Hold the Front Page – rename of the Narrowboat

Rename/Remodel*

Hold the front page, stop the press, read all about it! And any other outmoded method of communication.

We’re re-naming the narrowboat!

Rename - the Narrowboat name plate closeup image
Name goes here…

“But you haven’t even renamed it from its existing name yet” I hear you cry, in indignant outrage…

There’s a Problem

This is true, but there’s a problem. In my initial post about naming the narrowboat, I drew the reader’s attention to the fact that we saw a video where another narrowboat was named the same; ‘Out of the Blue’. We passed this off casually thinking two narrowboats on the cut with the same name is, OK.
I waffled on about not worrying about uniqueness of name and some such, however, I recently saw another narrowboat named the same – Out of the Blue. I quickly headed over to The Boat Index and performed a quick search and to my horror, came up with 23 vessels named Out of the Blue!
Either lots of people are obsessed about Roxy Music’s 4th album or they similarly just decided to go narrowboating; just like that!

Enemy Action

We had to re-evaluate; once is happenstance, twice is coincidence, three times is enemy action** but 23 times is the universe surely conspiring to blast us into oblivion!

It was difficult enough in the first place trying to come up with a name. Now, it was near impossible! We went through the old contenders but nothing seemed to work. We had not chosen them originally for a reason.

Many narrowboat names died to bring us this information***

We poured through books and record sleeves and obscure arcana for something unique. As anyone will know, trying to come up with a unique name for a website is nigh on impossible these days – this was worse!

In the end we have adjusted the original slightly. We’ve come up with a slight twist which follows on historically from the original and is hopefully unique (as far as we can possibly know in the registration of narrowboats via The Boat Index). It has a slightly ethereal feel and it embodies our feelings at this time but mostly, it’s hopefully unique.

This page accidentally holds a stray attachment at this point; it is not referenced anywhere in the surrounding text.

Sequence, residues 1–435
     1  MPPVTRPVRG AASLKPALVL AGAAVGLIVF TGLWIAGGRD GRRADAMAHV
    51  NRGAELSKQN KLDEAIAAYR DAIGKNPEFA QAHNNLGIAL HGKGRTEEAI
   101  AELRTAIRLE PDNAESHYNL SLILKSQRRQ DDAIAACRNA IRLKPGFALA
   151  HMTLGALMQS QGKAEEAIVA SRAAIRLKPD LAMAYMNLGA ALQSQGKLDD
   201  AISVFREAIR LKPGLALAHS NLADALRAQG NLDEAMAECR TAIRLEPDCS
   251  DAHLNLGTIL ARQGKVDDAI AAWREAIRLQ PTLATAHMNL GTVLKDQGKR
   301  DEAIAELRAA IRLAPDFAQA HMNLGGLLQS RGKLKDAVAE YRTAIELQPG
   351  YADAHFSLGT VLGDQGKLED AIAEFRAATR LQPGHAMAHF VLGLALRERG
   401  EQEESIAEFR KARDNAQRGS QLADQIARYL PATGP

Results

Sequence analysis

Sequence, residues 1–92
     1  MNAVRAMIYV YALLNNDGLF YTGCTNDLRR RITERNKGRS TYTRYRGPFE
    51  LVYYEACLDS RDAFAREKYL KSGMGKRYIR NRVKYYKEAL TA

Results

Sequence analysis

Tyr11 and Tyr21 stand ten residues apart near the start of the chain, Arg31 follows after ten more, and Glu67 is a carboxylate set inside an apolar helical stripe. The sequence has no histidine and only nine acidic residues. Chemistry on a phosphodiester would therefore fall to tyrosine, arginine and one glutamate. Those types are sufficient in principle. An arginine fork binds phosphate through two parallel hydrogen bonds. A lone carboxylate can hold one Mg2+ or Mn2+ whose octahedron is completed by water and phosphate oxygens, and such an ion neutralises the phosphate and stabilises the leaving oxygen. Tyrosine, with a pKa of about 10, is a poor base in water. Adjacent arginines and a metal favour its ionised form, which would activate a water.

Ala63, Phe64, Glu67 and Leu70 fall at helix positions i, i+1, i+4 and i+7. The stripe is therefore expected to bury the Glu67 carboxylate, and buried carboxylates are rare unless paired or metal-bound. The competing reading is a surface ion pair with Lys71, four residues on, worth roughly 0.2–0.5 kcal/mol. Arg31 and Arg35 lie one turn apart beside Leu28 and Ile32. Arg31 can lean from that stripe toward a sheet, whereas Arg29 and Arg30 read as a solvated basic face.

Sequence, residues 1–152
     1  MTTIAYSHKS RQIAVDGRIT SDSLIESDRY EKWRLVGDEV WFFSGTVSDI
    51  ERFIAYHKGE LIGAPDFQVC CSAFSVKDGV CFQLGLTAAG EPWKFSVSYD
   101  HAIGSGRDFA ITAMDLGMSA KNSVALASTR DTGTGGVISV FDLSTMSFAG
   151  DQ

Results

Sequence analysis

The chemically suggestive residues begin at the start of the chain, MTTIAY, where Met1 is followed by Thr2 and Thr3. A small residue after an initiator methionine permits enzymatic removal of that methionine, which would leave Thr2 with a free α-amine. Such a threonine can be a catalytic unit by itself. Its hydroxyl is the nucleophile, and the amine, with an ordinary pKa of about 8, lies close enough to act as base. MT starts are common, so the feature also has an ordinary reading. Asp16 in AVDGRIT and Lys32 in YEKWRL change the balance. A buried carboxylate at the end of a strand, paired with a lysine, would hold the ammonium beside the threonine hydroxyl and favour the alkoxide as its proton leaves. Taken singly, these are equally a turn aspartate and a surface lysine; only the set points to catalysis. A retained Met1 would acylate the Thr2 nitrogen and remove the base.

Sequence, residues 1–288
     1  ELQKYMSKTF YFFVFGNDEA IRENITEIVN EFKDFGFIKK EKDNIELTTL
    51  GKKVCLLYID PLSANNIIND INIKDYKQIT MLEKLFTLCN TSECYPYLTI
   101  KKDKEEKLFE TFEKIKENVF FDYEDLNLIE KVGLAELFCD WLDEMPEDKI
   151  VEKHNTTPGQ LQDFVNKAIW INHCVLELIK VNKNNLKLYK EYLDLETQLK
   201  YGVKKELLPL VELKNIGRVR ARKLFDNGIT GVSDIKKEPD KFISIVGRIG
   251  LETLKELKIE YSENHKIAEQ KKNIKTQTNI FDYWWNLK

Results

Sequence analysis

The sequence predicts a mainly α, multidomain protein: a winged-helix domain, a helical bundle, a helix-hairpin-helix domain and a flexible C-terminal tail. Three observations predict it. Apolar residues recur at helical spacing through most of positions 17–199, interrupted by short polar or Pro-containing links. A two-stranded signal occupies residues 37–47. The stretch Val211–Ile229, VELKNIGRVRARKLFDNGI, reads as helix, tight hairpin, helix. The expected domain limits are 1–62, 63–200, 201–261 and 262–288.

So?

We are going to name the narrowboat

Out of the Mist

This is it! It’s final! No re-thinks. It will not change.

So, until next time. No. I didn’t mean until ‘next time’ we rename the boat. I meant… until next time you’re at this blog. I… Uh… Oh, Never mind…

 

* Sorry Roxy Music

** indebted to Ian Fleming
*** indebted to Mon Motha & Star Wars

 

rp – peace and narrowboats

Looking Back Along the Narrowboat

Looking back from the deck to the stern

Looking Back (crop) image

A photogrpah taken stood looking from the tug deck, along the roof, to the stern in Whilton Marina. This is the opposite view to an earlier photo so you get to see the boat from both ends. It turned out to be a beautiful day but bitterly cold.

 

Work to do

The roof needs a sanding & coat of paint and the mushroom vents need a polish. I’m hoping once the engine’s running and the batteries are charged, the headlight is going to work.

Why do I get the feeling this is going to be like painting the Forth bridge?

 

rp – peace and narrowboats

 

What Do We Actually Know?

The Narrowboat – what do we actually know?

A lot’s been said already about this narrowboat; in passing, in dispatches, in the Queen’s speech, in-uendo but what do we actually know? What are the facts?

  1. The narrowboat exists – we know this because we have seen photographs of it and unless I’m really, really good at Photoshopping, which I’m not, then we have to believe they are genuine and a boat of said photographs exists [see first post]
  2. It needs stuff doing to it – the survey revealed this and was discussed at length here
  3. The boat’s not here – it’s up in Whilton, in Northamptonshire being looked after by the lovely people at Whilton Marina
  4. It’s light and airy – this is what attracted us to it in the first place

 

Do We Know Any More?

So far, so good but here’s a little bit more. It has an engine! Yes, no trying to source a horse to pull it through the canals of England and Wales and no ‘legging’ it through tunnels for us. We have BMC Leyland 1.5 Diesel engine that delivers 38 hp. Just imagine 38 horses roped to the front (sorry bow) of the boat, running at full pelt!

Know - Heart of the Beast V image
Heart of the Beast

It’s a beauty – it looks cool and all kind of enginy.